Reviews of the 'Margin' album:


"There's a gentler side to all of us, I think. Sometimes it manifests itself in our actions and other times it comes across in our choice of music. The softer side of the minimalistic Electronica / organic scene is something that I'm extremely keen on, as some of you will probably know, and it's with a great deal of pleasure that we can bring you this superb album from Jasper Leyland on Mole Harness's Stray Dog Army label. Put together with a keen attention to detail, the tracks on this CD are beautifully layered and structured slices of manipulated guitar and electronic music. There are, at times, shades of the work of influential artists such as Taylor Deupree, Minamo or Greg Davis, but the tracks always retain their own flavour throughout. Hypnotic and fragile loops of sound wind their way through each piece and the subtle shifts in tone really work a treat. It's ambient, yes, but with such an engaging feel that it never, ever feels bland or soulless... quite the contrary, actually as there's a genuine warmth and emotion here that's aching to get out and take hold of the listener. A very talented young man indeed, then, and an album that comes highly recommended. Wonderful stuff."

Mike Oliver, Smallfish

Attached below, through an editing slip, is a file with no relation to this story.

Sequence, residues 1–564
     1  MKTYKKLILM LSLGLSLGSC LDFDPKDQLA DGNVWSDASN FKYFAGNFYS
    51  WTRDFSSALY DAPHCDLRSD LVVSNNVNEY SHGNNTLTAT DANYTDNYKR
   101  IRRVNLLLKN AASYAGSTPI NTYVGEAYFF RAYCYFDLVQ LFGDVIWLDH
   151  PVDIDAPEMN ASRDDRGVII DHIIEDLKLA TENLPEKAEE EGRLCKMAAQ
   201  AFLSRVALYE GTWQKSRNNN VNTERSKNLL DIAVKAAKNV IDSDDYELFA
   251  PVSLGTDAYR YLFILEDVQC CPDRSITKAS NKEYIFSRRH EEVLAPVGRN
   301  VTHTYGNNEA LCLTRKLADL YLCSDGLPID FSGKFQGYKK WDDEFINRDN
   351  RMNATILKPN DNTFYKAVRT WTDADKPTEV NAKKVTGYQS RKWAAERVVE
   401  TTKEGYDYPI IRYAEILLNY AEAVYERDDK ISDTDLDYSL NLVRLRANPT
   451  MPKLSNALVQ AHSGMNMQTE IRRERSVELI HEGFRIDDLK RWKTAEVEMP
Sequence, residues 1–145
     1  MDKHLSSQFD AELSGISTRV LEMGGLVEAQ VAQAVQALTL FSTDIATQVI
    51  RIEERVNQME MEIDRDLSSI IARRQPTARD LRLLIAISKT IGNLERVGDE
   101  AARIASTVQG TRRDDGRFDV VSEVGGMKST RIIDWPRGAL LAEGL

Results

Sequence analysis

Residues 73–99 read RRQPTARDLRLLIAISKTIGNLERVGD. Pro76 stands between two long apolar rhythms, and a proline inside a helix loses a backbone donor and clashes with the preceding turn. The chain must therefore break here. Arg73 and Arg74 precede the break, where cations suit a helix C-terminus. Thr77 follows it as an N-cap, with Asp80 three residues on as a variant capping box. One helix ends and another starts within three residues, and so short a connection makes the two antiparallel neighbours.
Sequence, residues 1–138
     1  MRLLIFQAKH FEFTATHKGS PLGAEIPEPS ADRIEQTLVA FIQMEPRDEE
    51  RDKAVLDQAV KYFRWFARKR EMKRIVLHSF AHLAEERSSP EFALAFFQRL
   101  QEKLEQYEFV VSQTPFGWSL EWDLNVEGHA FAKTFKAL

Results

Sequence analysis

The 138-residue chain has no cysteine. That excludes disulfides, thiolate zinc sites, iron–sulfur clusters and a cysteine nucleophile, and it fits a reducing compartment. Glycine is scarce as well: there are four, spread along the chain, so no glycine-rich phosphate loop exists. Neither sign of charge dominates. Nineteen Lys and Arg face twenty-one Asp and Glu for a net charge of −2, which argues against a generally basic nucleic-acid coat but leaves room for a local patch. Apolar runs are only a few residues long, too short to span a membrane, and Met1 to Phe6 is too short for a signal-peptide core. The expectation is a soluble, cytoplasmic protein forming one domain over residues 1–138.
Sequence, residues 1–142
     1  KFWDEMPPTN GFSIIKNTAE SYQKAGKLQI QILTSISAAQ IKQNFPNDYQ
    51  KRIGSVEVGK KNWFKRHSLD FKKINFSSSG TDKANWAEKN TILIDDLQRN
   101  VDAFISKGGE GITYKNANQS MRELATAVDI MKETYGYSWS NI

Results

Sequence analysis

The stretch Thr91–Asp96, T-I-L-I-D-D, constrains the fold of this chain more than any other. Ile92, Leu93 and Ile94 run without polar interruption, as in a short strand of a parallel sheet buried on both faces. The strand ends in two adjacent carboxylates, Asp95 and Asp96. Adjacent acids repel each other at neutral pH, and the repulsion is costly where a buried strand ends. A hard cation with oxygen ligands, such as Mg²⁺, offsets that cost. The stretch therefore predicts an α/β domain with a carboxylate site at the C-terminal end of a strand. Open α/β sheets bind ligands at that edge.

"Margin, the debut album by Jasper Leyland (aka Norwich-based Jonathan Brewster) features richly detailed drone explorations constructed from field elements, electronic, and acoustic elements. Though its five tracks are variously short and long, the album registers as an extended and accomplished whole despite the presence of transitions between pieces.

Created entirely from zither sounds, “Margin” immediately establishes the album's meditative-drone ambiance with its slowly developing mass of naturalistic rustles, plucks, and field noises, a prelude to the first epic “Riseholme.” At the outset, a piercing tone snakes through a dense bed of rustling haze and crackle, then recedes to let acoustic strums move to the forefront. The elements congeal into a restless droning mass of plucks and smears until, midway through, Brewster removes layers, exposing the wavering simmer of processed melodica, before elements again accumulate into a crackling mass. “Riseholme” demonstrates Brewster's skill at convincingly sustaining a work's delicate balance throughout a sixteen-minute duration. Though less epic, the central “Lapse” makes a strong impression by weaving glistening synth pulsations and staccato plucks into a cathedralesque mass. “Turned” is so brief as to seem incidental amidst the more ambitious pieces and is more notable for the manner of its construction, with some of its noises originating at a Norfolk beach where Brewster buried a microphone in pebbles and recorded the results. The electric guitar focus of the second extended piece, “Prospect,” calls Christopher Willits' work to mind, with Brewster transforming clicks and ripples into a meditative sunrise of bell tones.

Available in a mere 150-copy run, Margin impresses as a distinguished collection of subtly textured drone works, with Brewster proving himself a deft sculptor of organic and processed sounds."

Ron Schepper, Textura